But in day to day use, you will never feel much of difference between a low entry SSD, nor the 860 EVO, nor the 860 PRO nor even the dragster that is a Samsung M.2 950 Pro NVME SSD which has almost 6 times the maximum theoretical available bandwidth when compared to the SATA protocol.
Thus why the EVO makes more sense because you can double the capacity for almost the same price as a PRO. Plus per our tests when it comes to fill up the TurboWrite’s cache for the 2TB 860 EVO, which is at an enormous 78 GB (!), we saw that the EVO performs almost identical to the PRO – again, only after we fill up the cache the overall performance will go down like 50%.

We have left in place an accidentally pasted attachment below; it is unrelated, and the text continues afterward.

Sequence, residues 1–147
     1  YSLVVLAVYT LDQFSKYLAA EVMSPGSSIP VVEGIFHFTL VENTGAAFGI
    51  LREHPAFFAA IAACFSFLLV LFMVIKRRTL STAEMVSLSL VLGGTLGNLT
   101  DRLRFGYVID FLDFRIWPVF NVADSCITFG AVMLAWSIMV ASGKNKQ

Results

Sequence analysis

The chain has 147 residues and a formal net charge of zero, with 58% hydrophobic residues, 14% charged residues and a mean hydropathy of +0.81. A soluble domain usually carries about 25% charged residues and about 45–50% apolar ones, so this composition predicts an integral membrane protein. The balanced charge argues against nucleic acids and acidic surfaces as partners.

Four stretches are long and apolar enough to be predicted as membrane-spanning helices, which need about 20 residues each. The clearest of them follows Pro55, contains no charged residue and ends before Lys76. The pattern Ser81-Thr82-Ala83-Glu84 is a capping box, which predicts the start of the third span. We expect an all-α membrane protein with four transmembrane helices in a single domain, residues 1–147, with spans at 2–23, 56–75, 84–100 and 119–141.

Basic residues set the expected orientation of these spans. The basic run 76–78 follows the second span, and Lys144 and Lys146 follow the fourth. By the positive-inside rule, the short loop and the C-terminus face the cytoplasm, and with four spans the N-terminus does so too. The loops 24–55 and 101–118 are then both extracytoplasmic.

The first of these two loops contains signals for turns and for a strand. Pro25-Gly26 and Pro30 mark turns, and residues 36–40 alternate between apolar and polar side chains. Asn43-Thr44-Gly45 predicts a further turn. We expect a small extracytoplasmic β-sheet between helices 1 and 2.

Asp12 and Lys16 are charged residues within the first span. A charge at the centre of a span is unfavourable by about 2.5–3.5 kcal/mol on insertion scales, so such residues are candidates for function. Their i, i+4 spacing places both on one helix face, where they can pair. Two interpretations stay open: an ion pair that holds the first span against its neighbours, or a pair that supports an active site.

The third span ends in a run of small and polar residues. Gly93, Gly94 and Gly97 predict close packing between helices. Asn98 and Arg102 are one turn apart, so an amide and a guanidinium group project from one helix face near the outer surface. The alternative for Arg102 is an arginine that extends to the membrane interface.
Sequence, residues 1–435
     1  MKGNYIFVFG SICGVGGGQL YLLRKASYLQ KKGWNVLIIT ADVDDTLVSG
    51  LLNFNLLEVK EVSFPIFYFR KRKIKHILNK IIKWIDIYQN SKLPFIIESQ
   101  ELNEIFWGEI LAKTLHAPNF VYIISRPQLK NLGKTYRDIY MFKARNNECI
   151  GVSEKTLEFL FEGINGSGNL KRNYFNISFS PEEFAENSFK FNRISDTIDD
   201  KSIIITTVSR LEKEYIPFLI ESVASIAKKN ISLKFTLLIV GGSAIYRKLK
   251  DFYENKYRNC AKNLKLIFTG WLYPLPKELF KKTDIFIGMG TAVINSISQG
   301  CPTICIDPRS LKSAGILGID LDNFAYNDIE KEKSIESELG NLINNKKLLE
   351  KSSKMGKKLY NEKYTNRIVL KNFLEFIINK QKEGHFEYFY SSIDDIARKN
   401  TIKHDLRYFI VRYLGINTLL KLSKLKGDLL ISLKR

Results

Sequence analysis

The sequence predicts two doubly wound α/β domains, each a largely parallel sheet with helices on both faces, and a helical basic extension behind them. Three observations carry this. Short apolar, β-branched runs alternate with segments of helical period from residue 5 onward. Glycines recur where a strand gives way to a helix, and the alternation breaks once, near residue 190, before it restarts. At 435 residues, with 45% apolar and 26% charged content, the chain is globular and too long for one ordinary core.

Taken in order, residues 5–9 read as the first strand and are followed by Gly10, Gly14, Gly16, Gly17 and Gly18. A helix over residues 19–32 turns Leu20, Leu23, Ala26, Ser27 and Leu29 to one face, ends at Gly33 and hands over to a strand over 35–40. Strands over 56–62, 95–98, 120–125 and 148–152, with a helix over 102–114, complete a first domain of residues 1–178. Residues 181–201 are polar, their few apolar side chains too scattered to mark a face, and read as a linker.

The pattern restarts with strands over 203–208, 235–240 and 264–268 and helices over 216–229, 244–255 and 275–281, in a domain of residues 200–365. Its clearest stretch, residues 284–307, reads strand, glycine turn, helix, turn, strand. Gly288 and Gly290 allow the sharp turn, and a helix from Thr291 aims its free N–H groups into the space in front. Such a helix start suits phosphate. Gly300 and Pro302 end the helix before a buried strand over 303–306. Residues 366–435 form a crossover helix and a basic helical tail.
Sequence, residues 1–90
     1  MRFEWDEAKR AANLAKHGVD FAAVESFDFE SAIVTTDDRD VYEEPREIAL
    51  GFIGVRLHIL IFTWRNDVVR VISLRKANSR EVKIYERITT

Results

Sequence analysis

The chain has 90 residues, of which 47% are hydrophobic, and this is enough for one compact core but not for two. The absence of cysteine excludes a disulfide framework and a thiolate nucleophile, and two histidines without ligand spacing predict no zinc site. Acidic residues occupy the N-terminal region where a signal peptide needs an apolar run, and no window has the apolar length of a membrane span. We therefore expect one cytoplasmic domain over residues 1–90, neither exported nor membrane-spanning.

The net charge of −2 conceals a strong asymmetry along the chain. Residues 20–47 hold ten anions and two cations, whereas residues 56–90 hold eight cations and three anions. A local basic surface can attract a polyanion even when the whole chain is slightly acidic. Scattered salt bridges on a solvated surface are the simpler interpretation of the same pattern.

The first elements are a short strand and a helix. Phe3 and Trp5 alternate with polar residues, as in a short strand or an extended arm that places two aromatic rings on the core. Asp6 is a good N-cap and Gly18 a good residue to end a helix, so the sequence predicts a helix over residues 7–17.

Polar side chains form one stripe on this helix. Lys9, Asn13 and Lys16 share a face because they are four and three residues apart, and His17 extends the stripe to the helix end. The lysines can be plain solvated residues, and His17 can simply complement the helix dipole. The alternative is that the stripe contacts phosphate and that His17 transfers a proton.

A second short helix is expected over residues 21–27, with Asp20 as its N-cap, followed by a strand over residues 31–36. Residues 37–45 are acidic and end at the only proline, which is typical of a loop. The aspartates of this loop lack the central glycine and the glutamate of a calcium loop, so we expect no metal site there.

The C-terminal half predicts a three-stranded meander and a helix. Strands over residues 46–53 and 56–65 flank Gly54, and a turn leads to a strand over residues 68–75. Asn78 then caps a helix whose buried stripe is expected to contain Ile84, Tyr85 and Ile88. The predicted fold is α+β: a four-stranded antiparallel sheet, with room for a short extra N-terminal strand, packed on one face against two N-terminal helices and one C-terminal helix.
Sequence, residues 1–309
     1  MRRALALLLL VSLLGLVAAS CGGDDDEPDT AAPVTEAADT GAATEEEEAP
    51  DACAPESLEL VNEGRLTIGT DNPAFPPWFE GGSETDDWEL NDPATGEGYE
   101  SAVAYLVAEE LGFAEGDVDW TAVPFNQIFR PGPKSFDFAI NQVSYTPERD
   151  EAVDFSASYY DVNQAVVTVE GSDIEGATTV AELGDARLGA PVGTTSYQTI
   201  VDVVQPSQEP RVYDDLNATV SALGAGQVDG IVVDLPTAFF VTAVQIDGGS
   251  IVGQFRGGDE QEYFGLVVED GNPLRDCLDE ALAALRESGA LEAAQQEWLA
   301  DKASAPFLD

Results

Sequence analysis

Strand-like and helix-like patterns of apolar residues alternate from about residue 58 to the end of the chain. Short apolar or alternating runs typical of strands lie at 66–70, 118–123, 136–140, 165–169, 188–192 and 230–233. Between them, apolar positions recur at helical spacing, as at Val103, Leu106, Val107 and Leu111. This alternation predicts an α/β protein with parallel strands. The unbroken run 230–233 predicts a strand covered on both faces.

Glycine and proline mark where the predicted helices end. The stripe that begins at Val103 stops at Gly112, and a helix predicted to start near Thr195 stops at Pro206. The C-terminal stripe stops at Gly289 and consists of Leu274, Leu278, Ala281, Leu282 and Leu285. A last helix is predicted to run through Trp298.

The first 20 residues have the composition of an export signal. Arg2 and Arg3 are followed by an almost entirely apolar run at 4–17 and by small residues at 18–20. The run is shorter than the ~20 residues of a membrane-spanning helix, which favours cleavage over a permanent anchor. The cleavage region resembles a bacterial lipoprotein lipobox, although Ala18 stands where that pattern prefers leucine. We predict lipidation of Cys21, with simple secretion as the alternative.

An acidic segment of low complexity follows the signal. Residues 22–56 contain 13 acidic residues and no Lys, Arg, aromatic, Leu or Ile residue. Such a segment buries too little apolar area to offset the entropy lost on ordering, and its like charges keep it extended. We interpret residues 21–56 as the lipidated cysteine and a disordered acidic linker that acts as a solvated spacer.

I think this upcoming period, Samsung will have strong competition from other manufactures like Crucial, who employed Micron’s 3D TLC NAND 64 V-layer and as we saw performed really well for its price range (our review here) and with another trick up its sleeve, also a TurboWrite feature like Samsung but with a very intelligent difference, the SLC write cache is dynamically sized based on how full the drive is. Also the 2TB it is a full $100-150 cheaper than the 2TB Samsung 860 EVO.
To conclude, you can’t go wrong with any of the new PRO or EVO series from Samsung, they will amaze you with their specs and overall performance delivery. The battle nowadays is done at the sticker price.
Let’s wrap things up.
Conclusion – Samsung 860 PRO 1TB